A: I’ve actually had more than usual, I would say, interaction with him. His wife and my wife are really good friends. There’s something that I call the breakfast club with myself and a couple other running backs. We’d get up early and go work out and he was always in there working out with us, so we connected that way. And just being around each other, we got to know each other a good deal and he called me and he was like, “I need you, I want you,” and I’m like, “I got you.”
Q: Sean said yesterday that fullback was a big part of this offense…
A: Yes sir.
Q: …so obviously that’s good for you but it’s not a typical thing that’s said in the NFL anymore. Kind of address how you see that.
A: Well, like you said, this is going on my 10th season in the NFL and the fullback has slowly been dying out. You get a guy like Coach McDermott who believes in us, he not only brings in myself but also Patrick DiMarco, so it’s something that we can help benefit. Really bring value to the position, to the team with our versatility helping out on special teams, doing that type of stuff. The grit and the grunt work.
Q: Give me a breakdown of your assets and how you can use a variety of skills to help the team.
A: Well, I mean I like to call myself multi-facet. You like that word? But you know, I feel like I can run the ball, I can block obviously because I played fullback at a high level. I’m a great pass-catcher, I can pass-protect, I run routes, I play special teams, I do it all. I’m a versatile player and Coach McDermott has seen that in the past five seasons in Carolina and that’s of the big reasons why I think he brought me up here – other than being a great dancer and the leadership stuff that I bring to the locker room.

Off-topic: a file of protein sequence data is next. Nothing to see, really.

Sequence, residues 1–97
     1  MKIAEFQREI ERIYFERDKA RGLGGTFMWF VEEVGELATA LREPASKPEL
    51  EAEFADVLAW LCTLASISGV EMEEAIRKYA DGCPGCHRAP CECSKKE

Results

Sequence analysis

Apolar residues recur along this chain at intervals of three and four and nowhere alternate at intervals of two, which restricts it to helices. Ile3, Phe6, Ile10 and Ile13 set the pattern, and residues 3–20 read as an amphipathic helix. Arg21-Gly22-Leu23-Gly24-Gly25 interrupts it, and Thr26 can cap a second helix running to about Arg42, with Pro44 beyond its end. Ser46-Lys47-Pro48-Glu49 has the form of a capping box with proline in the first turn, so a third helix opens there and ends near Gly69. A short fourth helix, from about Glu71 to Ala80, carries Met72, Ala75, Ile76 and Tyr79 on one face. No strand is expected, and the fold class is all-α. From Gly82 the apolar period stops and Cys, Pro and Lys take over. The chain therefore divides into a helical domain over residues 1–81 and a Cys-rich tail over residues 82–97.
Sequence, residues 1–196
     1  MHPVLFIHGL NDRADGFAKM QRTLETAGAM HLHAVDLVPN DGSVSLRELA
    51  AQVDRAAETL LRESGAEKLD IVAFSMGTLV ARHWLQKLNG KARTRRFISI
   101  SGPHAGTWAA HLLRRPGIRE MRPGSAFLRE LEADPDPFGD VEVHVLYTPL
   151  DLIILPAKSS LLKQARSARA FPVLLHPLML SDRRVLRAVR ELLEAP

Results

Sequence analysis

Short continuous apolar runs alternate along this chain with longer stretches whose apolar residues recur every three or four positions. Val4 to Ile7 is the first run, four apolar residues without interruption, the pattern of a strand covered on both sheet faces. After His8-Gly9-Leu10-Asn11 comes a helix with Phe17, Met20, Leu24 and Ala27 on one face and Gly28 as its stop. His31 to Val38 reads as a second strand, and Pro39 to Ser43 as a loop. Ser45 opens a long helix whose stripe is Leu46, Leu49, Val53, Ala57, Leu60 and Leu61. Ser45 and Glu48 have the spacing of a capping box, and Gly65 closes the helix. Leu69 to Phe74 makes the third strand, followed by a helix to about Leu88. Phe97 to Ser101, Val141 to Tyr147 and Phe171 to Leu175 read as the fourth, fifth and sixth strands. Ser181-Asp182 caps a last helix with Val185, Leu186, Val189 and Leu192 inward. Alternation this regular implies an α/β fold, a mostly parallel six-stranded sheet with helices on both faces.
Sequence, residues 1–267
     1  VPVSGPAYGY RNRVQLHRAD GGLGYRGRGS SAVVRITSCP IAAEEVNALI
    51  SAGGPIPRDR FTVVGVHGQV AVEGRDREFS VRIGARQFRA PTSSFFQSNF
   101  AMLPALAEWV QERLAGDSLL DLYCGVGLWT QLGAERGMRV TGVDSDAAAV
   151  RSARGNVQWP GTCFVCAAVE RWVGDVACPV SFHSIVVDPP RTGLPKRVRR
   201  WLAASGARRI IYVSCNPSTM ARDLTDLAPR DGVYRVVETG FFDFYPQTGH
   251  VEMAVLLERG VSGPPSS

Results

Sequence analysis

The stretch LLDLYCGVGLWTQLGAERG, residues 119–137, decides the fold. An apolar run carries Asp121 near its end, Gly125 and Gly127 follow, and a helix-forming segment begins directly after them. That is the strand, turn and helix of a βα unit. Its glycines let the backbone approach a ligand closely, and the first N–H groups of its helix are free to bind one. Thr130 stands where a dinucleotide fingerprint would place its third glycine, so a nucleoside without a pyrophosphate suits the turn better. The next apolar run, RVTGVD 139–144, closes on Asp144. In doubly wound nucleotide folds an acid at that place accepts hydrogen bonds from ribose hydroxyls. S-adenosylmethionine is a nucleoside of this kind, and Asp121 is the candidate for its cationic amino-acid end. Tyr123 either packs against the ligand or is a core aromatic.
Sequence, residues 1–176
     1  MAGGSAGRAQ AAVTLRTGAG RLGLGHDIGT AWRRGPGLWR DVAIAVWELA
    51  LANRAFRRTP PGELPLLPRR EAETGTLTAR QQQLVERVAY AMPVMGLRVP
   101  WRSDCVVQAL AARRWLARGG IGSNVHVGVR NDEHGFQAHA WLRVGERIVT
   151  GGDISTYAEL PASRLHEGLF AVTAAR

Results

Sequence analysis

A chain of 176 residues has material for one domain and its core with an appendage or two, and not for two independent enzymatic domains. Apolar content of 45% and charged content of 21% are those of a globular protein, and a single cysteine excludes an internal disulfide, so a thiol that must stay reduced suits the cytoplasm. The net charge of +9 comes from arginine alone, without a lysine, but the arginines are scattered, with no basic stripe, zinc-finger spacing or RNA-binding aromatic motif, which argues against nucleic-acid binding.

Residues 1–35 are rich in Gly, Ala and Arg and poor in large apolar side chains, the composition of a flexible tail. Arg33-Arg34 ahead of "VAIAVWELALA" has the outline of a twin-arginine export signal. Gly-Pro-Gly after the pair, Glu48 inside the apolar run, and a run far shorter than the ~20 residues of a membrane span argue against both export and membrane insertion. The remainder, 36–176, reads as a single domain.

Q: Why does keeping guys loose in the locker room and being a leader to you come naturally to you and why is it important?
A: Well I think it comes naturally to me because my upbringing. I’m a product of a single-parent home and I had to kind of make myself jolly to get by sometimes. I think now I just exude that on everybody else around me, the joyful attitude, the light-hearted spirit, the pranking, the joking and playing around. I think it’s necessary for a team because at times, when things are not going your way, you can kind of get down on yourself and you need somebody to kind of poke you in the butt and say, ‘hey, let’s go and have a good time with it.’
Q: Were you aware that the Bills were potentially going to sign DiMarco when you were going through you negotiations?
A: Yeah, I was aware. Like I said from the beginning, Coach McDermott has been very upfront with me and very persistent in what he’s been saying and consistent with it. So, I mean I was aware that there was another fullback on the radar, but I’m not a guy to dwell on what other people do on the football field. I know what I can do and I know I’m here ready to work and I’m going to compete.
Q: Have they given you an idea on your role? Do you prefer running back or fullback?